Nothing Left to Destroy
The Discofication of the Mongols, for violin and CPU (2009) [35:17]
S'Wonderful (That the Man I Love Watches over Me), for flute and CPU (2010) [26:57]
Benjamin Bowman (violin)
Douglas Stewart (flute)
MC Maguire (computer)
rec. mixed in Toronto, May 2011. DDD
INNOVA 813 [62:14]
This is, presumably, the future of 'classical' music as the postmodernist illuminati see it: a multi-layered wall of computer-generated sound literally and symbolically drowning out the Old Ways, as represented by Benjamin Bowman's violin and Douglas Stewart's flute. Innova describe this disc as "electro-acoustic, ethno-death-metal, versus environmental, classical-fusion-electronica in a UFC cage [not John-] match": it is not for those who have not wholeheartedly embraced the cultural homogenisation of the "iPod generation".
The first track, all 35 relentless minutes of it, is The Discofication of the Mongols, which, so it says, "concerns the loss of all indigenous culture to the monolith of western pop music" - how ironic that MC Maguire's creation comes across as a glorification of that undeniable truth. Benjamin Bowman surely could not have been listening to the computer content during recording, otherwise the mind-altering qualities of the überpop soundtrack would have induced violin rage. For a brief moment, after 17 minutes, the Death by Disco treatment inflicted on the listener seems to have ended, only to lurch back into gaudy life again - that was only the halfway mark!
Any mercy accruing from the fact that the second track is shorter by ten minutes is negated by the repetitious splicing - 'mashing' is the word of the moment, though 'garrotting' would also do - of three Gershwin tunes that Maguire's parents apparently played over and over when he was a child. S'Wonderful (That the Man I Love Watches over Me) was written in his mother's memory, but it is hard to believe that she or Gershwin would have particularly appreciated what he has done to them here: more chopping-changing sampling, manic electronic beats, a post-structuralist's spot-the-reference heaven, and a flute struggling to be heard.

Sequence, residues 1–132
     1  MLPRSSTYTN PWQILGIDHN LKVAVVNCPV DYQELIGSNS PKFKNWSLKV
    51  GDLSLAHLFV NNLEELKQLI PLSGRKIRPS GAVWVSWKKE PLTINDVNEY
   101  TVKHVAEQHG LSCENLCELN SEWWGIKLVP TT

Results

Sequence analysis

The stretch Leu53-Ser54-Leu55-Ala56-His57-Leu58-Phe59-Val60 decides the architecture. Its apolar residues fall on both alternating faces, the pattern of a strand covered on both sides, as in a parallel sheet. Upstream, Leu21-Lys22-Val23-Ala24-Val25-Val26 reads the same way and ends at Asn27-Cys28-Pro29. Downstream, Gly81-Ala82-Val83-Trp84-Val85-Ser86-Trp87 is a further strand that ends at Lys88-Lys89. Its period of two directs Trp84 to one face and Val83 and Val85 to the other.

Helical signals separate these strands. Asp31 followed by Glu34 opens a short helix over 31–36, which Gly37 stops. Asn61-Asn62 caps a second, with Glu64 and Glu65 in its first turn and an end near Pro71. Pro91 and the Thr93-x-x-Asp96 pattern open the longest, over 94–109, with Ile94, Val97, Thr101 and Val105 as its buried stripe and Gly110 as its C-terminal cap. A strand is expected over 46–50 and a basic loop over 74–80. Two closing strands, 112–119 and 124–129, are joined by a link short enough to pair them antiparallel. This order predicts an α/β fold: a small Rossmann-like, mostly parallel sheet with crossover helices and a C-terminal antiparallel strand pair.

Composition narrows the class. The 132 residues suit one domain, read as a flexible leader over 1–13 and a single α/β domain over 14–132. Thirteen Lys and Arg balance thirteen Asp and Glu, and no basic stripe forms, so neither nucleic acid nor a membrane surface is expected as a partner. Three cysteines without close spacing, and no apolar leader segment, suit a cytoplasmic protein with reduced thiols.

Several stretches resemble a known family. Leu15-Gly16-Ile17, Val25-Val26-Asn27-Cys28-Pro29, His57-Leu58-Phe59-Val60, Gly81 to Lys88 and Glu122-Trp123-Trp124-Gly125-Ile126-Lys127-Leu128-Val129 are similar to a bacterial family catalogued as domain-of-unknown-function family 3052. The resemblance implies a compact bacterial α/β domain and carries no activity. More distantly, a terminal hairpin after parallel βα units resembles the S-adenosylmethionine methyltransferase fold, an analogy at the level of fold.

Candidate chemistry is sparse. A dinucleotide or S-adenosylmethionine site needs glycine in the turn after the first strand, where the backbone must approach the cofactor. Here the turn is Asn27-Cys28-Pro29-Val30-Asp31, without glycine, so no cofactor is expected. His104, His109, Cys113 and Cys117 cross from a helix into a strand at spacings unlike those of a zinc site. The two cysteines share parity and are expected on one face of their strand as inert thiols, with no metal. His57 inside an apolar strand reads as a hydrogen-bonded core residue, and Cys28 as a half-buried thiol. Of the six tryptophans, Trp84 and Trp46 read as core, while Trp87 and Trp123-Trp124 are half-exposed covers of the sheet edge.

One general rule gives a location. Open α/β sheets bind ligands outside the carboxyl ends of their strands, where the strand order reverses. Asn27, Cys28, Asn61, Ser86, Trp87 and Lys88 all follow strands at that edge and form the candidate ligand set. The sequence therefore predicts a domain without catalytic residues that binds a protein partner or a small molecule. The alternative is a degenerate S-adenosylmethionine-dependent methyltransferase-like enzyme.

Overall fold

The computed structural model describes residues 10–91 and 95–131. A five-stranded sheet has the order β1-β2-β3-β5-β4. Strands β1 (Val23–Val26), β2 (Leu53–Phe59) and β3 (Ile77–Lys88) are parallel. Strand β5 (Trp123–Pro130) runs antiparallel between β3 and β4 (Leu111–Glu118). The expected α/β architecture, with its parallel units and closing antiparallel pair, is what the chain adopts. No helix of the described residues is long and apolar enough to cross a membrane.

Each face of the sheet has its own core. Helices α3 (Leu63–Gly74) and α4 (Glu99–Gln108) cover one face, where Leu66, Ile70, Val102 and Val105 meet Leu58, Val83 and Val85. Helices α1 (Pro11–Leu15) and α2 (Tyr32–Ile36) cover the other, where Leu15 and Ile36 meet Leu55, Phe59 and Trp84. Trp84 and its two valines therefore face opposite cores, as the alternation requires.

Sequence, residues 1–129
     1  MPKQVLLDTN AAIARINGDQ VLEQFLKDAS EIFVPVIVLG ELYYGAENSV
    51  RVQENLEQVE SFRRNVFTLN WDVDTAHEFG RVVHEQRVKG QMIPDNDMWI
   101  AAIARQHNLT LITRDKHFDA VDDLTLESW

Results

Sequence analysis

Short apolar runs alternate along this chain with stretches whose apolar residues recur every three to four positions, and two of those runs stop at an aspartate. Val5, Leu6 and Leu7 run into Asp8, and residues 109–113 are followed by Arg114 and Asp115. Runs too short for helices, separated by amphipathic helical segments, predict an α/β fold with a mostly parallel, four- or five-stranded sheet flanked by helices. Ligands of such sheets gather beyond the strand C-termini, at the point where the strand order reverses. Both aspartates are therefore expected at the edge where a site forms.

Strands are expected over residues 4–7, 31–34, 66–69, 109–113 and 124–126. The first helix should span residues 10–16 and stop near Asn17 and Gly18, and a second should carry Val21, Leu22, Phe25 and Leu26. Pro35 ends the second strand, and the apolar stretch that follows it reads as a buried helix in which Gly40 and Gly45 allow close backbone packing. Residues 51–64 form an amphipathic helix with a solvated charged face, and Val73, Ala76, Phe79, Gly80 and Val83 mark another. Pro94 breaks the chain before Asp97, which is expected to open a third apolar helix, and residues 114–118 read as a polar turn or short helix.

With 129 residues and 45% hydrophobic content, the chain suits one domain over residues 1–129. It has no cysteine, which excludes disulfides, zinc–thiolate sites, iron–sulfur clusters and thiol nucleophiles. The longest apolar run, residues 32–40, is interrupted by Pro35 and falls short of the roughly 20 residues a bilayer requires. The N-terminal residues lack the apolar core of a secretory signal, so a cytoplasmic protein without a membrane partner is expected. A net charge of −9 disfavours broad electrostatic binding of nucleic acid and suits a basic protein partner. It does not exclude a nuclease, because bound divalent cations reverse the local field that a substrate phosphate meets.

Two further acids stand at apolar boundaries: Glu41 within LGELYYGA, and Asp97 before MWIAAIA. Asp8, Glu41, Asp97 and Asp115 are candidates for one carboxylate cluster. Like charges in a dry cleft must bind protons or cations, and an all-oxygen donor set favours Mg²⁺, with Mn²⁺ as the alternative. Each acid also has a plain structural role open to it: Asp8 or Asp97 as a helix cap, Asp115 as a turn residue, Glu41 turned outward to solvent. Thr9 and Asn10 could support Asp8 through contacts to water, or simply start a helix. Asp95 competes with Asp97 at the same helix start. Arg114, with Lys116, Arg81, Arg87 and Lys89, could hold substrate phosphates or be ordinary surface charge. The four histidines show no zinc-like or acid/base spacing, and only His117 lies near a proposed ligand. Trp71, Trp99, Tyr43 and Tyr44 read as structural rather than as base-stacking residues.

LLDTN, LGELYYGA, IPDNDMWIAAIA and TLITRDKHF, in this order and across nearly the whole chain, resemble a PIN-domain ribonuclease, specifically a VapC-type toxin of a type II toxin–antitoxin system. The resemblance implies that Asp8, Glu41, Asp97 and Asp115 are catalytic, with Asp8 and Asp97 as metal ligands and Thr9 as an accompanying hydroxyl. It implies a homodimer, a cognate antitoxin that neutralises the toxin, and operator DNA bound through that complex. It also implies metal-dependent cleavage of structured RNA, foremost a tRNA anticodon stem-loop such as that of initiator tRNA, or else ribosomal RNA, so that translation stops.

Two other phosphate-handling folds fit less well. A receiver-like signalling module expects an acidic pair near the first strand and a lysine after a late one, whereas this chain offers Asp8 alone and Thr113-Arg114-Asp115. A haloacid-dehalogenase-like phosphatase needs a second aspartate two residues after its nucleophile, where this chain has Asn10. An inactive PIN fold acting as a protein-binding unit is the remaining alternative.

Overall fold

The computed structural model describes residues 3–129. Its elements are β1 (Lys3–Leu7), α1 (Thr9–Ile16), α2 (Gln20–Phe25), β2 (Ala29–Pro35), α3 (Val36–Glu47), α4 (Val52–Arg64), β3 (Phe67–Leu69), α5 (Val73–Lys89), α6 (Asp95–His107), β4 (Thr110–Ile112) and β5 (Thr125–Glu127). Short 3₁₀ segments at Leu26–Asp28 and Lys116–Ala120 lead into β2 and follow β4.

From a technical point of view, the scale of the soundworlds is undeniably impressive - up to 300 tracks, according to Innova, and a decibel level to match at times. Sound quality is excellent. The booklet gives no information at all about MC Maguire - Innova's website describes him (or maybe her) as a "Toronto based electro-acoustic manipulator who has worked in every medium and genre as a composer/producer/engineer" - but there is plenty of pretentious stuff - and nonsense - about the two tracks.
Musically this is, despite the interesting soloist lines heroically performed by Bowman and Stewart, less interesting than listening from a bedroom window to an ice cream van going round the neighbourhood. Those who are fascinated by this kind of 21st century mumbo-jumbo will find all manner of references - 'intertextualities' - and semiotic rummage. MC Maguire will likely attract the same kind of cult following, just as unwarranted, as Frank Zappa. This is a CD only for the 'down' and trendy, then: before purchase, proof of smartphone ownership and popular Facebook account must be provided as a bare minimum.
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MC Maguire will likely attract the same kind of cult following, just as unwarranted, as Frank Zappa.